Since we have the new code 52356, would you suggest that we bill for multiple stones in one kidney as follows:
For private, non-Medicare, payers, if you had three totally separate, non-contiguous stones that were treated with lithotripsy and then a stent was inserted, the above coding would be correct. However, for Medicare, the answer has changed. (Note that the answers to the second and third questions relate to this topic as well.)
We have been asked many times, “How could you talk about the same topic year after year after year?” Our answer is always simple: “You don’t even have to change the questions, because the answers keep changing.” Unfortunately, the answer to questions about modifier –59 and multiple stones has changed multiple times during the past few years. The current answer is that, for Medicare, you cannot charge separately for the treatment of multiple stones on the same side of the urinary tract.
“Same side” includes stones in the kidney, renal pelvis, or ureter regardless of mode of treatment. If the patient’s insurance is Medicare, Medicaid, or another federally funded program that uses Medicare rules, you should report only one treatment per side.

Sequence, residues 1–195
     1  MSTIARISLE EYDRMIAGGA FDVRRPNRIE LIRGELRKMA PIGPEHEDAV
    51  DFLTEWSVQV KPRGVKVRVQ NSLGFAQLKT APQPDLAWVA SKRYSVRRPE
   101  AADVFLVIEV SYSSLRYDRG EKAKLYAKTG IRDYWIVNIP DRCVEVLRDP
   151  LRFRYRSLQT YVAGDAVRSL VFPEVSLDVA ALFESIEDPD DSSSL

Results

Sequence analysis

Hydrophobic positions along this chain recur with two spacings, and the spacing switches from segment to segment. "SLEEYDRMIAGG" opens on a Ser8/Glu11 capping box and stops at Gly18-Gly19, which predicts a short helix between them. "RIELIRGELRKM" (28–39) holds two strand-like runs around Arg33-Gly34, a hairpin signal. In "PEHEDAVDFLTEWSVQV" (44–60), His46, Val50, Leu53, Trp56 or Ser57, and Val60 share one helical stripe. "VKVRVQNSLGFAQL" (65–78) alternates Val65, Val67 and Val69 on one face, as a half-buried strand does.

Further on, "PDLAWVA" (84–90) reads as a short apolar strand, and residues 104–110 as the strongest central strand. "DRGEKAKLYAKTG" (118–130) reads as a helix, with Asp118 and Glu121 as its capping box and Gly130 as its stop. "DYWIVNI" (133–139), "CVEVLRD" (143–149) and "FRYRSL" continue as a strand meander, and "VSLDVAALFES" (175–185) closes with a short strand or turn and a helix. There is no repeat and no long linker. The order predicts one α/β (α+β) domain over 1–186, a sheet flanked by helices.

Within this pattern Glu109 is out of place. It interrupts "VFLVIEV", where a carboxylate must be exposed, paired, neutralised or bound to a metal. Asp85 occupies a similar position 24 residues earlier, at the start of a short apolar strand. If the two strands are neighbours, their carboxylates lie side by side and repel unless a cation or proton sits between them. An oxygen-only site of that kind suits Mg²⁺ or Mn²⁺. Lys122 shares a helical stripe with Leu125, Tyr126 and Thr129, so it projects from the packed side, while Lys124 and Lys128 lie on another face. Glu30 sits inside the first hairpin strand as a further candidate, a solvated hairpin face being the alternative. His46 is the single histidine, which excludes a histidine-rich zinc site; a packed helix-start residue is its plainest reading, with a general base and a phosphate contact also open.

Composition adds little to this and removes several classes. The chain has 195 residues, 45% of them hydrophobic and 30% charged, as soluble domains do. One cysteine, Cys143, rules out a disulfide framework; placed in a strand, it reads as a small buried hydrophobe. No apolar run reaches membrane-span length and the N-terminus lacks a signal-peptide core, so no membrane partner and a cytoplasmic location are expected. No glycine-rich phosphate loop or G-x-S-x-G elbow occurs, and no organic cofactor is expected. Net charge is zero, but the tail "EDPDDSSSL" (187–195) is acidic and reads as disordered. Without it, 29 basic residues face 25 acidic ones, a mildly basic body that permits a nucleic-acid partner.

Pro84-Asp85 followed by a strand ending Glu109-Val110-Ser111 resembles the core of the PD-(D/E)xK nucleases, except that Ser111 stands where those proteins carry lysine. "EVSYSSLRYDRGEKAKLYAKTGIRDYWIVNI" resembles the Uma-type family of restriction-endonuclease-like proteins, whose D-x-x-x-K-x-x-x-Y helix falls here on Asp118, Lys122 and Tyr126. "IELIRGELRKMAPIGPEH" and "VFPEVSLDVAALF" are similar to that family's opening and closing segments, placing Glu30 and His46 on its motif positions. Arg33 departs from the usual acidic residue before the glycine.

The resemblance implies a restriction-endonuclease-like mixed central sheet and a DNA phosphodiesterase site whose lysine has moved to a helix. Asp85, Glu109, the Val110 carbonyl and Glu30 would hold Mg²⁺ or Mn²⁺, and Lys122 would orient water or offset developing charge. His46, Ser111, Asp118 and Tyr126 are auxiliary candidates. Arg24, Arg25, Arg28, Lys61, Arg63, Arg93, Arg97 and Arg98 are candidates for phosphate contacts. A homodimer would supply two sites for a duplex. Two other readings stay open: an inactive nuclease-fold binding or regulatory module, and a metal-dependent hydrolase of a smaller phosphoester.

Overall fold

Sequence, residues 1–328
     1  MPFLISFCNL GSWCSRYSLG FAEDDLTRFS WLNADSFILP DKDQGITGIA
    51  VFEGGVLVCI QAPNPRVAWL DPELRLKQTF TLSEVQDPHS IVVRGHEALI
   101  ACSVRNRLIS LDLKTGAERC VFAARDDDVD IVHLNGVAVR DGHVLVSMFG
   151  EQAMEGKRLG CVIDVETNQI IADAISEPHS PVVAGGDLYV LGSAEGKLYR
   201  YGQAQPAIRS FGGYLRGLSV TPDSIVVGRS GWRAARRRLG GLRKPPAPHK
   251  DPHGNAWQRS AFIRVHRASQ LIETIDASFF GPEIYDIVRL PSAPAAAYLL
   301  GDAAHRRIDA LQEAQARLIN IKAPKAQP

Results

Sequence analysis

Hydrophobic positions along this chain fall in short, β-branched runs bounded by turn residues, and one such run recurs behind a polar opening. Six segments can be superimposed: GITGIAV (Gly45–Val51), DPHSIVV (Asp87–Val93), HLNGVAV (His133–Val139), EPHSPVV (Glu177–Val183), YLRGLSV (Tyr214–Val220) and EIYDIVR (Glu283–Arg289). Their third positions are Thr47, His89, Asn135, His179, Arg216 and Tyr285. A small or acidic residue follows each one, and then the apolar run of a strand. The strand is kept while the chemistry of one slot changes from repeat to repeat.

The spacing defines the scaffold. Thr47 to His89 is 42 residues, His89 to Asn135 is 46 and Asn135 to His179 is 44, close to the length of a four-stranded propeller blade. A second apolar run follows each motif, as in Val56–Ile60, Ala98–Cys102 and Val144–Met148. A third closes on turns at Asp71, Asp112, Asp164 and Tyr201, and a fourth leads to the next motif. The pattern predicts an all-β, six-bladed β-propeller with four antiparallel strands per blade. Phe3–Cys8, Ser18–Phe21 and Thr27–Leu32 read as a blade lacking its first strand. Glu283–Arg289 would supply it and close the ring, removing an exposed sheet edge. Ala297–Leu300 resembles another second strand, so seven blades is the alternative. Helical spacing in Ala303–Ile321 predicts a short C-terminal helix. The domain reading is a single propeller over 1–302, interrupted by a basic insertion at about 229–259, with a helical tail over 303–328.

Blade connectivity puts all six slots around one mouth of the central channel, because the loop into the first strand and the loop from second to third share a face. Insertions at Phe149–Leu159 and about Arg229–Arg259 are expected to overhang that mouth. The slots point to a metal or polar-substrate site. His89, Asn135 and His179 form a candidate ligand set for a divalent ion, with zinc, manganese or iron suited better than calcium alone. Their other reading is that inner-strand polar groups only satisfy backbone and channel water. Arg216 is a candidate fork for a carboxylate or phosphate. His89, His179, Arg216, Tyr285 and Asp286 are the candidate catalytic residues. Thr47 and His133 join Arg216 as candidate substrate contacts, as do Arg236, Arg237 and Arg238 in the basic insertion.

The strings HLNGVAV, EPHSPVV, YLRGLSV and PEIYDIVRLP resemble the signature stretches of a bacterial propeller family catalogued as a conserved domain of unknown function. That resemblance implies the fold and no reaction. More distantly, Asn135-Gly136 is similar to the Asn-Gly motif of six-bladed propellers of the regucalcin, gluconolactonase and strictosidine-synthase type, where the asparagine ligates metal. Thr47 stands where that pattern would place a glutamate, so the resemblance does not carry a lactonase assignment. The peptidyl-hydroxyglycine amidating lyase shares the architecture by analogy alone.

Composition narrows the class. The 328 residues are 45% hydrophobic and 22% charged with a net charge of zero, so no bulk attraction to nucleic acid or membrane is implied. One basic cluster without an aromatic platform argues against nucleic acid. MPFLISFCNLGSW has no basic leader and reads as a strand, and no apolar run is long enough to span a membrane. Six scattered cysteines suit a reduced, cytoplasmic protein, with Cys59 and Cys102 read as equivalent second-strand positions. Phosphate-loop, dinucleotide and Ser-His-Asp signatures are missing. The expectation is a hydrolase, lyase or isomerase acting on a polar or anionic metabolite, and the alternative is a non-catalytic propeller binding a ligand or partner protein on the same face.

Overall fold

The AUA received a letter several months ago from the director of the National Correct Coding Initiative (NCCI) indicating that it would be incorrect to use the –59 modifier to report separate treatments for any additional stone on the same side. We think he is absolutely incorrect in making this ruling. The AUA Coding and Reimbursement Committee agrees that it was incorrect and is appealing the decision.
Apparently, CMS also agrees that the ruling was incorrect, or at least the agency understands the problem. CMS issued a transmittal indicating four new modifiers will replace/supplement modifier –59 in January 2015. Stay tuned for suggestions on the correct uses of those modifiers in later publications. In short, the answer to this question will change again in January.